Obviously everything is prepared with care, even the color to be used as the basis of the design, which must highlight the color of the coins, and the coins themselves, which are sometimes new (lighter and brighter), sometimes older but polished and other ancient and unpolished, to create different variations and intensities of colors.
The preparation of a painting, depending on the size, can take around six months.
Incredible, for examples, it is the painting Brasil with 17,630 coins, half Brazilian and half Portuguese
But how did this idea come about? Why this theme and why coins?
Eduardo tells us that he had been dedicating himself for some time to the collection of coins and therefore had many. Some bought, others exchanged at fairs of antiques for other items.
He had thought of doing something with it and then he had linked the idea of coins to the idea of luck, and what greater luck than that of the great Portuguese maritime history?
Eduardo does not hide the fact that behind this idea there is also a lot of bitterness. Today when we talk about Portugal, we often talk about a small poor country. It seems that it is almost difficult to remember the glorious era of this country. And Eduardo says he is very disappointed with the attitude of the Portuguese people themselves who often seem resigned to this idea of their own country and who do nothing to show to the world a different reality.
Eduardo is very fierce and defends his freedom of expression and is keen to emphasize that April 25 (1974, the end of the dictatorship Ed.) from a certain point of view was the 25 “of the misfortune” because many things have changed, the country has forgotten its glory and its past.
And it is precisely that glory that Eduardo wants to rediscover through his works.
The first painting he had no more: during an exhibition at the Lusophone university it was purchased by the rector. It represented the Adamastor monster, that of Luis Vaz de Camões’ Lusiades, all made with Portuguese coins.
But there are three other paintings that have earned him the titles of Guinness World Records, in order:
– The painting Bandeira (Flag) made with 19,045 coins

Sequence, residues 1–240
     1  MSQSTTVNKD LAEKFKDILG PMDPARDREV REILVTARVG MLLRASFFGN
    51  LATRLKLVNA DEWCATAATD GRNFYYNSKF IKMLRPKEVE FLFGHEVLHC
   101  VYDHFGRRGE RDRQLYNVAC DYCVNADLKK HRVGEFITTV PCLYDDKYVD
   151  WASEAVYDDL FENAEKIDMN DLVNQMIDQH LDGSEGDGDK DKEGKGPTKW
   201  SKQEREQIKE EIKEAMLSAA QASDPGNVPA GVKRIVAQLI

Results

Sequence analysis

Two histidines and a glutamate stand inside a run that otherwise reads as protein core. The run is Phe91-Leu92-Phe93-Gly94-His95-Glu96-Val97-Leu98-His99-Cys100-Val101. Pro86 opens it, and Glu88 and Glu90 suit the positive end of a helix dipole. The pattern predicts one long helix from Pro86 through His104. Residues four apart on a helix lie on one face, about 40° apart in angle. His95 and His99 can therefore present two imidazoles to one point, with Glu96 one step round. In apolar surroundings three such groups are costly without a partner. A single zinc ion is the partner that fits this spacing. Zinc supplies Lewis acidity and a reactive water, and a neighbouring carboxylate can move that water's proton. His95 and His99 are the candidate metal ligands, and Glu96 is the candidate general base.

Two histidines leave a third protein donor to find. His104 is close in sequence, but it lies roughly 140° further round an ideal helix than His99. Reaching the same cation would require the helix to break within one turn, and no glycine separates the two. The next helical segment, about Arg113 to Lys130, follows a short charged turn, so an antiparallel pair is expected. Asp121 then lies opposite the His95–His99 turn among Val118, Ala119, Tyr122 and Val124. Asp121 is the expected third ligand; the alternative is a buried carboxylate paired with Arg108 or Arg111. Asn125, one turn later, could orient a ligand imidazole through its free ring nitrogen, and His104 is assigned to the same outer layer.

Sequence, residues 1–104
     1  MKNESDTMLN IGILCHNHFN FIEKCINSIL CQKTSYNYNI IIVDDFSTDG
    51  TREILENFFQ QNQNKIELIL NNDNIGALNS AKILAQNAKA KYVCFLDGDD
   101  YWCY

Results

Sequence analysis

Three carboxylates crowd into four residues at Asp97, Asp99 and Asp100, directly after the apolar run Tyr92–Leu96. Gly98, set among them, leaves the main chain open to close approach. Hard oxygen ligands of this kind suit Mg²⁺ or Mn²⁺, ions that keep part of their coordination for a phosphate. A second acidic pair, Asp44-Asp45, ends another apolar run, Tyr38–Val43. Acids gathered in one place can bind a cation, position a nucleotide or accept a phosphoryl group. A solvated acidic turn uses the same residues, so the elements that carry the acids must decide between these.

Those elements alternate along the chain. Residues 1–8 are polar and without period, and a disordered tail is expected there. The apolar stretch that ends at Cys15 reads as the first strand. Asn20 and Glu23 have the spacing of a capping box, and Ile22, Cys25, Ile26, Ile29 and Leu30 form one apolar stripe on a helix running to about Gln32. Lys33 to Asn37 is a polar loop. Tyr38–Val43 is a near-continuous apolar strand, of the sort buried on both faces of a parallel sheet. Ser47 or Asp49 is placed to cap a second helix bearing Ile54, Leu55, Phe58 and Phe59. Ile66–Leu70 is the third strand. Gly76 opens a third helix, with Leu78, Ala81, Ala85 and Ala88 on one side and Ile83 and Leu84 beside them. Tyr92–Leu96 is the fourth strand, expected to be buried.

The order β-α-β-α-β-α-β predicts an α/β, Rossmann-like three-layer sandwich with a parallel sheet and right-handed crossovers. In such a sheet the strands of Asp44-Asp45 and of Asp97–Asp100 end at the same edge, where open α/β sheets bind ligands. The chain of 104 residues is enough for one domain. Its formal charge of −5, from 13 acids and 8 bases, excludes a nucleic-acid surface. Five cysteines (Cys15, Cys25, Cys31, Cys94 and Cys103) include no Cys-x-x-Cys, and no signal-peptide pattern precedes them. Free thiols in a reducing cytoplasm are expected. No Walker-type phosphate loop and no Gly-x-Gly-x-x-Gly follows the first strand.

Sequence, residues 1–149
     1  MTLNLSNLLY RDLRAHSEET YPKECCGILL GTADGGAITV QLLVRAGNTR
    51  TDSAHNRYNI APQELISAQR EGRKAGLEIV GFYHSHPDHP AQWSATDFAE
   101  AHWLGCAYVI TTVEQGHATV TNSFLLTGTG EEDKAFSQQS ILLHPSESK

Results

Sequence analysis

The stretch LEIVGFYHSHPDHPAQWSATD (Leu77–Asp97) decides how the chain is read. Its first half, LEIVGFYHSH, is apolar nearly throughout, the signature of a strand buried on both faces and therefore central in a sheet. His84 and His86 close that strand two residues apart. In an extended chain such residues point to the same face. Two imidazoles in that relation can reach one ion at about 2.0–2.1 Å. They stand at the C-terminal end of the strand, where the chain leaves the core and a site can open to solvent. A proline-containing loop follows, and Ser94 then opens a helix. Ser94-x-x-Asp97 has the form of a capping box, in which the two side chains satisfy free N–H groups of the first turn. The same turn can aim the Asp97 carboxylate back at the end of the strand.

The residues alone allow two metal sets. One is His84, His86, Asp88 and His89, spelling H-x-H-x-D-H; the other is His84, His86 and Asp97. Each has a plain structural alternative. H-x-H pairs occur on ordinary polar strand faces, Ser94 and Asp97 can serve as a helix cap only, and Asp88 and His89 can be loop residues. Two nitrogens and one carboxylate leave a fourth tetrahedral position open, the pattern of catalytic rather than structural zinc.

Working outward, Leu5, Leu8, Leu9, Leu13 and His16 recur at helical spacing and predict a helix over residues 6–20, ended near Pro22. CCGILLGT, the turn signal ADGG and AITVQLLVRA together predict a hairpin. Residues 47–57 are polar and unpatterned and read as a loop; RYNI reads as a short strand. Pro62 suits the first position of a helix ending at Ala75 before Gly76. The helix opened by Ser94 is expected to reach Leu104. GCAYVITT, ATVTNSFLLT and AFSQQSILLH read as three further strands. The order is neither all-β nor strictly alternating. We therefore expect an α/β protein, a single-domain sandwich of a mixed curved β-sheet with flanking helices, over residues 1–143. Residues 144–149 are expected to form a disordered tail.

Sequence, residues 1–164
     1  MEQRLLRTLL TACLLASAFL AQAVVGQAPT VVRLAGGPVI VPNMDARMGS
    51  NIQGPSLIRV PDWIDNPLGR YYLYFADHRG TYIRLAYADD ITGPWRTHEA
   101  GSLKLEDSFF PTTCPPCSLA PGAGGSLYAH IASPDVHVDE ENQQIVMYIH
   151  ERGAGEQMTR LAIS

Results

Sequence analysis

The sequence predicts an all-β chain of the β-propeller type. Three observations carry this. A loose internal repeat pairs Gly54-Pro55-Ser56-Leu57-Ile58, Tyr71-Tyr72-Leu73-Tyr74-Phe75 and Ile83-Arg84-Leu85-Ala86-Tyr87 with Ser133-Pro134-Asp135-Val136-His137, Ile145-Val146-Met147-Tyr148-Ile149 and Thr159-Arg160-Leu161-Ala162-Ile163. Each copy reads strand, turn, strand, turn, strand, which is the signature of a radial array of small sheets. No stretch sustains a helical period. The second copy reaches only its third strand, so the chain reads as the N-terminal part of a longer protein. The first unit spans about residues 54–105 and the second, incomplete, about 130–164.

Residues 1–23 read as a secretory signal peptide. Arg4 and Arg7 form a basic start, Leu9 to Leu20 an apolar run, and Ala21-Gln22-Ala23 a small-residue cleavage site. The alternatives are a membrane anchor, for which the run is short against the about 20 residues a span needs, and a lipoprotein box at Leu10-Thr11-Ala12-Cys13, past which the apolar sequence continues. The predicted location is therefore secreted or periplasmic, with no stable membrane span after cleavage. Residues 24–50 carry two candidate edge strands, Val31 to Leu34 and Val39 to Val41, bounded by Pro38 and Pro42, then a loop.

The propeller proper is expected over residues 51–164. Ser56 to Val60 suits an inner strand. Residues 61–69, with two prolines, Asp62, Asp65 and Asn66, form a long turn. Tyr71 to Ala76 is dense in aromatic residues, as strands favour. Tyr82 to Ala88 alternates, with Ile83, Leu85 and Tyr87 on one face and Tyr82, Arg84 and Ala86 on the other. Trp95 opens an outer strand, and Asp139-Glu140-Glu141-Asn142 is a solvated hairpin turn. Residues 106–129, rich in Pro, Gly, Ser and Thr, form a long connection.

In the center, the map of Portugal. Below the words LUSITANIA, PORTUGAL, PATRIA, FAITH IN GOD. On the bottom the Portuguese flag.
– The painting Portuguese Empire, with 37,121 coins and five meters in length made with coins from all former Portuguese colonies
– The painting Europe, 8 meters 40 and 183 cm high, 67,567 coins of different values and metals.
Now such large paintings he does not make any more, because they require a large financial investment. Then he creates smaller paintings, with the insertion of some coins.
There remains the project of a last work that he was unable to create and of which he shows us the drawings: a 20 meter long painting in which Brazil and the Castle of São Jorge were to be represented and for which 150,000 coins would be needed.
Eduardo’s dream would have been to be able to exhibit these works, including his paintings, but also nativity scenes, nautical objects and clocks made with coins, in a museum space.
Eduardo is combative and has really tried everything: he wrote to the newspapers, to the President of the European Bank and the Portuguese one, to all the institutions linked to culture, but until now his dream was not realized.
Some foreigners visit him from time to time, a Canadian journalist has even dedicated an article to him. But his works continue to be piled up in his atelier.
Today, at the age of 76, he tells us that he does not already expect to realize this dream, but he says it with evident regret and sadness.
He also proudly shows a letter from José Hermano Saraiva, to whom he had sent a small book, in which the historical popularizer promises to keep this book in his library, and another letter from Pope John Paul II who thanks him for the book he had donated. Even Pope Francis wrote to him, he tells us.
We leave with one last question: his dream.
And Eduardo gives us perhaps the only answer that a man with a thousand adventures like him could give us: “To win the lottery to be able to build a museum in which to leave my works to all those who want to see them and then buy a small boat and go around the world”.
Will he succeed? We can only imagine what other adventures he will then have to tell us.
If you want to visit Eduardo’s atelier in Cacilhas, it is in Rua Elias Garcia, 34